ISRI's chief economist gives attendees the proverbial 20,000-foot view of the business of plastics recycling and how it fits into the recycling industry as a whole.

 – Joe Pickard, Institute of Scrap Recycling Industries

More Recovery, By the Numbers

Showing results from a recent study of durable plastics recovery figures, this presentation highlights potential sources of recovered materials for reclaimers looking outside the MRF. It also touches on the importance of counting what's recycled.

– Tim Buwalda, Reclay StewardEdge 

Secrets of Residential Success

To take plastics recovery to the next level, recycling companies need to understand the vantage points and requirements associated with every link in the supply chain, particularly community programs and MRFs. The leader of an industry-backed nonprofit group working to lift U.S. recycling explains how to successfully work locally and scale up, creating self-sustaining infrastructure and higher recovery rates. 

– Keefe Harrison, The Recycling Partnership

Single-Use Singled Out

The use of single-use coffee pods in the home, office and elsewhere has exploded in recent years, but can spent pods be recycled effectively using existing infrastructure? The director of sustainability for one of North America's largest sellers of single-use pods shares the results, best practices and recommendations from a holistic systems study showing a possible path forward.

– Paul Yang, Mother Parkers


Concurrent Session C: China Plastic Recycling Forum: Innovative Recycling Plastic Equipment and Machinery
Presented by China Scrap Plastics Association (CSPA)  
1:30 – 3:00 P.M.  I  Celestin Ballroom F-H

This open discussion offers critical perspective on equipment-related developments in the Chinese plastics recycling industry and explores trends and key issues that will touch this important trading partner.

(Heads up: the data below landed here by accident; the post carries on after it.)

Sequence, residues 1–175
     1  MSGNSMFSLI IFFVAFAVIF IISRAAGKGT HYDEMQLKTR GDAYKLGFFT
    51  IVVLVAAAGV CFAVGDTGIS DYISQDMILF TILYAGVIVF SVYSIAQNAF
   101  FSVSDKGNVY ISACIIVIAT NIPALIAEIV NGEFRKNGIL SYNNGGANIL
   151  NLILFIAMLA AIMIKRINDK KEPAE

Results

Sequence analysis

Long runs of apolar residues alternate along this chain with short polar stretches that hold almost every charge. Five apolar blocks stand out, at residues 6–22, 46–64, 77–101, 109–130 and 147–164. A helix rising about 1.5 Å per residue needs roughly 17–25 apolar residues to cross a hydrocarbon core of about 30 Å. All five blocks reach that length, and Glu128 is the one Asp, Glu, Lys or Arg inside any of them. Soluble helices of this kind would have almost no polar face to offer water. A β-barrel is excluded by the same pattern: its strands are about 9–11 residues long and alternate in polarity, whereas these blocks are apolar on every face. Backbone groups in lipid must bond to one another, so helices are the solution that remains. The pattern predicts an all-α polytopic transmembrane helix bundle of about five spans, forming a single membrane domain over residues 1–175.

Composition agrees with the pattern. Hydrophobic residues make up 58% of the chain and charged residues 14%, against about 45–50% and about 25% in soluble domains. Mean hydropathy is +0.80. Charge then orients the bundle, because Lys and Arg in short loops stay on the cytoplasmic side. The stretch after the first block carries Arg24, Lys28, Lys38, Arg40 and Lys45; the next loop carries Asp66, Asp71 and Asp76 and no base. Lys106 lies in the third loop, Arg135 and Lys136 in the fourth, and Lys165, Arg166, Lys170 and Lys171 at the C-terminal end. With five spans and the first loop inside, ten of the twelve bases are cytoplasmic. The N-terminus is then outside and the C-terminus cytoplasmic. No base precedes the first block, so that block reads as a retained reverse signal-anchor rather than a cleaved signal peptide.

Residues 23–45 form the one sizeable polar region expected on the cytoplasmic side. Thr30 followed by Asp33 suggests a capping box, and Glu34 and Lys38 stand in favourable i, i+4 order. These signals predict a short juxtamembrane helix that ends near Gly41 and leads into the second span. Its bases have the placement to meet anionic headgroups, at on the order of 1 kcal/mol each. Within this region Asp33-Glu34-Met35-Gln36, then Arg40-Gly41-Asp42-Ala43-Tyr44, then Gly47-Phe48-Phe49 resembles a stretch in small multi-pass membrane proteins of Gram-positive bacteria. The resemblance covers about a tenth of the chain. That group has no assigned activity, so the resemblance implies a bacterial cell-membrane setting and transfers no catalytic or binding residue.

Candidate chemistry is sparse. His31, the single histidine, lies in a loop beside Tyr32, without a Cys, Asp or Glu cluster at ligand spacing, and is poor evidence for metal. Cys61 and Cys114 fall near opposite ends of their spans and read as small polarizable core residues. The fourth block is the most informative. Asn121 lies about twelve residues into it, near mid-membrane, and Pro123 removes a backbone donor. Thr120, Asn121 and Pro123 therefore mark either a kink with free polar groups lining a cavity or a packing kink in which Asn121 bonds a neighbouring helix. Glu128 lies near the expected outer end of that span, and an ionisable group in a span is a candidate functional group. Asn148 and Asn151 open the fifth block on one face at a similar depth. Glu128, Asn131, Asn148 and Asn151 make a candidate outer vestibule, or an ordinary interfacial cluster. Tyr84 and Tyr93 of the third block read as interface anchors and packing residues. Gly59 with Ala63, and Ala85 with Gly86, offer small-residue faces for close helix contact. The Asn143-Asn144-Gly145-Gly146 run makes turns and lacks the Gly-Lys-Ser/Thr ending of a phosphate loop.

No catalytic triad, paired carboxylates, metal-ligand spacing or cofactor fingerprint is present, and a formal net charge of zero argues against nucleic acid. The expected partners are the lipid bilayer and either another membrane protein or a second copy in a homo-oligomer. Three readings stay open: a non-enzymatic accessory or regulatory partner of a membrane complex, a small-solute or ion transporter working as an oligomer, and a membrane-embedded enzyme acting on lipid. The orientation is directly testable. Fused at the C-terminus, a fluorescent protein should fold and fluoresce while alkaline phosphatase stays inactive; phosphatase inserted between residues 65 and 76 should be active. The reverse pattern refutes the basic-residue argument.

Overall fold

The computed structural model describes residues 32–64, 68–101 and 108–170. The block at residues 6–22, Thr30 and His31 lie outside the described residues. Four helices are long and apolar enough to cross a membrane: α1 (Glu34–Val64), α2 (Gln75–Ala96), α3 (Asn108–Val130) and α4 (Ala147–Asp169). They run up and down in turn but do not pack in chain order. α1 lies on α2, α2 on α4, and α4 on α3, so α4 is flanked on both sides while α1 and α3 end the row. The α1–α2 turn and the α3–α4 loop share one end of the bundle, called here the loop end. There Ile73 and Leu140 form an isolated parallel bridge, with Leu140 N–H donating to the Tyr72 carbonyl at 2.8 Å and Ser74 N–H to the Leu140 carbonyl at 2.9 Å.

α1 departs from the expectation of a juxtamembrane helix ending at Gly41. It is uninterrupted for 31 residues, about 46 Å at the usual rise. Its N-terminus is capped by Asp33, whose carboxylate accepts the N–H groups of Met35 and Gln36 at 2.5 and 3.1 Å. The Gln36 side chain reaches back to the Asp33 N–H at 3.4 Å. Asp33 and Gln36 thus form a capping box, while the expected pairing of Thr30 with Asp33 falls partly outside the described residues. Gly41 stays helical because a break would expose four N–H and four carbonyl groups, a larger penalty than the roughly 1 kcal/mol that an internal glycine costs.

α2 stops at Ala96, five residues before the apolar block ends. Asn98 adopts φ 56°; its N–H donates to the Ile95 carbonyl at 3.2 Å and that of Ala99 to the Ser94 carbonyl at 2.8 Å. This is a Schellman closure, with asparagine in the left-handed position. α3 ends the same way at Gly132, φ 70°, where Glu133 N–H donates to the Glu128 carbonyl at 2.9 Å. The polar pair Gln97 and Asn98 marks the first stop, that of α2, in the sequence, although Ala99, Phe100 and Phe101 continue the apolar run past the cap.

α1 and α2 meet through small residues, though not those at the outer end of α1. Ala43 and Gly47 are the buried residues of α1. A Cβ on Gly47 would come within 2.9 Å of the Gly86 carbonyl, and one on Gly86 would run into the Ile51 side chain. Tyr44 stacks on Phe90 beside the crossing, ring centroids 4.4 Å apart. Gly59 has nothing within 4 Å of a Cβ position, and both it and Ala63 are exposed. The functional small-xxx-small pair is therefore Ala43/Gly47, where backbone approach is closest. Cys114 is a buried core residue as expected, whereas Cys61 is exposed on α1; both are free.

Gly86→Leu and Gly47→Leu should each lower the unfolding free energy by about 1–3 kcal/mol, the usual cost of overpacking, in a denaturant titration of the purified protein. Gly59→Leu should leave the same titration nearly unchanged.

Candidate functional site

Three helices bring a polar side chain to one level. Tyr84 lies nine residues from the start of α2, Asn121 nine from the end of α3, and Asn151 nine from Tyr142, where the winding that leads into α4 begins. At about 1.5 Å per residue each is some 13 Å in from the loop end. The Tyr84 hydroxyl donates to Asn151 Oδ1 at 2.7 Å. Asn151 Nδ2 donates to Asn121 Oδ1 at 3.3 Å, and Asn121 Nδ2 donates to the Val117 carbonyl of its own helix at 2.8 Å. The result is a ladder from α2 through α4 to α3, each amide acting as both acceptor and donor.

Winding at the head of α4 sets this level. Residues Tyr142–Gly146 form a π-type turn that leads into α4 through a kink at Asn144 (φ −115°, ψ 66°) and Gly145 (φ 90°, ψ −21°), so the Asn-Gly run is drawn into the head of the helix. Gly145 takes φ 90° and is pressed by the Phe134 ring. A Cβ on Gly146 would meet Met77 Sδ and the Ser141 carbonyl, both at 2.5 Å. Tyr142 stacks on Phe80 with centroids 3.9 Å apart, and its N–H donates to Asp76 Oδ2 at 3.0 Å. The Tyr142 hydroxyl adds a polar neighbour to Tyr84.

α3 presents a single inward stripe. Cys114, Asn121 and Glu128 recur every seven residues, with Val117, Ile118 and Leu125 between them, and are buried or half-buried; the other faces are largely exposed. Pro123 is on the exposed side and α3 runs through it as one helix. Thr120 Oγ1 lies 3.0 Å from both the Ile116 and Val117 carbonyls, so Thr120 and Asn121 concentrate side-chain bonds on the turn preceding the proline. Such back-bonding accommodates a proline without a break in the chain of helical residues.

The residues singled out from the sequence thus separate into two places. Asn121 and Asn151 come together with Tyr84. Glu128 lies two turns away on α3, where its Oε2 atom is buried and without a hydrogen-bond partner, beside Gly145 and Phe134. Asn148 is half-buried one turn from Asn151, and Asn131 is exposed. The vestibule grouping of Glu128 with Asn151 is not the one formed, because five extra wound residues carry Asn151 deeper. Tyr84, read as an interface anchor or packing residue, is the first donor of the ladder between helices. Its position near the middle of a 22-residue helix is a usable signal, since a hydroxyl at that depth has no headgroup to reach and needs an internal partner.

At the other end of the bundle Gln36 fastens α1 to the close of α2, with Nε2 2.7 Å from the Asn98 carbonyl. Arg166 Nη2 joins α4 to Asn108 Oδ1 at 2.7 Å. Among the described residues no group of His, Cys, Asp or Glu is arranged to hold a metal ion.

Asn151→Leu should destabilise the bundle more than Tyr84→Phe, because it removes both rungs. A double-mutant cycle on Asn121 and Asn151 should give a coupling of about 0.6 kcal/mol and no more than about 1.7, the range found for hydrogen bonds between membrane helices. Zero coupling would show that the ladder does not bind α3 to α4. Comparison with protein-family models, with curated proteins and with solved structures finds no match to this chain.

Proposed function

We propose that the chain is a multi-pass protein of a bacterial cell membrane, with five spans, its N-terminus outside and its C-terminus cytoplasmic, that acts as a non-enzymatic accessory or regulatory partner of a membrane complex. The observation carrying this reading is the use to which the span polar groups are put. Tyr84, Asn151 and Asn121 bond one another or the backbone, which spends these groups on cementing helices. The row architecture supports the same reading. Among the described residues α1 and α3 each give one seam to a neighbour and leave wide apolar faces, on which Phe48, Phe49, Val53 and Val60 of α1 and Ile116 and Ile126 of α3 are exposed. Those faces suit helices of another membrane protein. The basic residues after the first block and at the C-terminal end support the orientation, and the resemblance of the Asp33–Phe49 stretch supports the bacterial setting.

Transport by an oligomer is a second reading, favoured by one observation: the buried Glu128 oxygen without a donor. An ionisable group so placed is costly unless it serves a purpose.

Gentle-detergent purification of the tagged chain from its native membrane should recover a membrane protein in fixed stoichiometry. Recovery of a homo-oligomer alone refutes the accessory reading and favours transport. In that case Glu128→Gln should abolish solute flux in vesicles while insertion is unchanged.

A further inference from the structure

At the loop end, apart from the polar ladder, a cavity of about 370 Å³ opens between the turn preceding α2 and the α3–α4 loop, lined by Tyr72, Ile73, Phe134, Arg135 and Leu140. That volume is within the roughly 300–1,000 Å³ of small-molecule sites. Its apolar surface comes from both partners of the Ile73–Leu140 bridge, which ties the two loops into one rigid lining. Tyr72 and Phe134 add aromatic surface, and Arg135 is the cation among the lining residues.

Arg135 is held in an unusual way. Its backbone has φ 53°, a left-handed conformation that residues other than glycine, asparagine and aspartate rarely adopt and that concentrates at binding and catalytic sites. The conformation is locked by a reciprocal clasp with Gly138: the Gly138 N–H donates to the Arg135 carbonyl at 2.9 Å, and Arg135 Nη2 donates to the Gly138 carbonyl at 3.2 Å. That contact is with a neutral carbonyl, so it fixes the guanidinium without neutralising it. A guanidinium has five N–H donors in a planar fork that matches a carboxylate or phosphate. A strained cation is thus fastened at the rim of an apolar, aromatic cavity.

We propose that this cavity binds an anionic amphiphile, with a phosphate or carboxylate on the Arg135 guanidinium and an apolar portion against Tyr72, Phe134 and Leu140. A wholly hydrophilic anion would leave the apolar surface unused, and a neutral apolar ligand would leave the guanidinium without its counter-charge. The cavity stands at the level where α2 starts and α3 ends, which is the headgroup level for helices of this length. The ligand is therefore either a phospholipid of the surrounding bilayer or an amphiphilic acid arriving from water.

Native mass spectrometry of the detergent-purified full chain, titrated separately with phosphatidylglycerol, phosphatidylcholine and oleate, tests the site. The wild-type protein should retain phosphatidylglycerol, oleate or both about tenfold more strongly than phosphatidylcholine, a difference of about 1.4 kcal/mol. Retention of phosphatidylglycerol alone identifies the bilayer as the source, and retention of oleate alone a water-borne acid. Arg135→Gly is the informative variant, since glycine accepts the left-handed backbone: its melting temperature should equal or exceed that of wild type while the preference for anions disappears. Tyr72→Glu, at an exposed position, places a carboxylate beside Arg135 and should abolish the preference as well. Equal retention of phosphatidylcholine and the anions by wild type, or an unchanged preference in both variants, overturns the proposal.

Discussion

(Chinese Translation Provided)

Jason Wang of the CSPA and guests

Concurrent Session D: Technical Track: Advances in Blending and Stabilizing Resins
3:30 – 5:00 P.M.  I  Celestin Ballroom A-C

As innovations develop in recycled plastics processing, resin producers find themselves with an increasingly complex array of methods at their disposal to develop cost-efficient and reliable products from blending different types of polymers. In this session, experts look at the ways additives and stabilizers are changing the business and raise questions about the best way to use these products going forward. 

– Moderator: Dave Cornell, Association of Plastic Recyclers
– Mark Tapsak, Zzyzx Polymers
– Robert Sherman, Baerlocher
– Jose Torradas, DuPont

Concurrent Session E: Film Recovery in Focus
3:30 – 5:00 P.M.  I  Celestin Ballroom DE

Commercial and consumer film recovery has grown dramatically over the last several years and these speakers tell the story of how that progress occurred, as well as offering an up-to-the-minute market update. These experts also lay out a vision for continued advancements, explaining tactics to reach residents, bring retailers and MRFs into the fold, and illustrate some of the gaps between current supply and demand for PCR.

(Spanish Translation Provided)

– Moderator: Nina Bellucci Butler, Moore Recycling Associates
– Shari Jackson, American Chemistry Council
– Rich McConaghy, City of Vancouver, Wash. / WRAP
– Kristina Hansen, Plastics Forming Enterprises, LLC
– Bridget Croke, Closed Loop Fund


Concurrent Session F: China Plastic Recycling Forum: Industry Investment in the U.S. 
Presented by the China Scrap Plastics Association (CSPA)
3:30 – 5:00 P.M.  I  Celestin Ballroom F-H

Leaders from the Chinese plastics recycling industry continue their open discussion with a look at how corporate and government action aim to boost the effectiveness of plastics recovery in both China and the U.S.

(Chinese Translation Provided)

– Jason Wang of the CSPA and guests



Plenary Session III: Getting Flexible with Multi-Layer Laminates
8:30 – 10:00 A.M.  I  Celestin Ballroom DE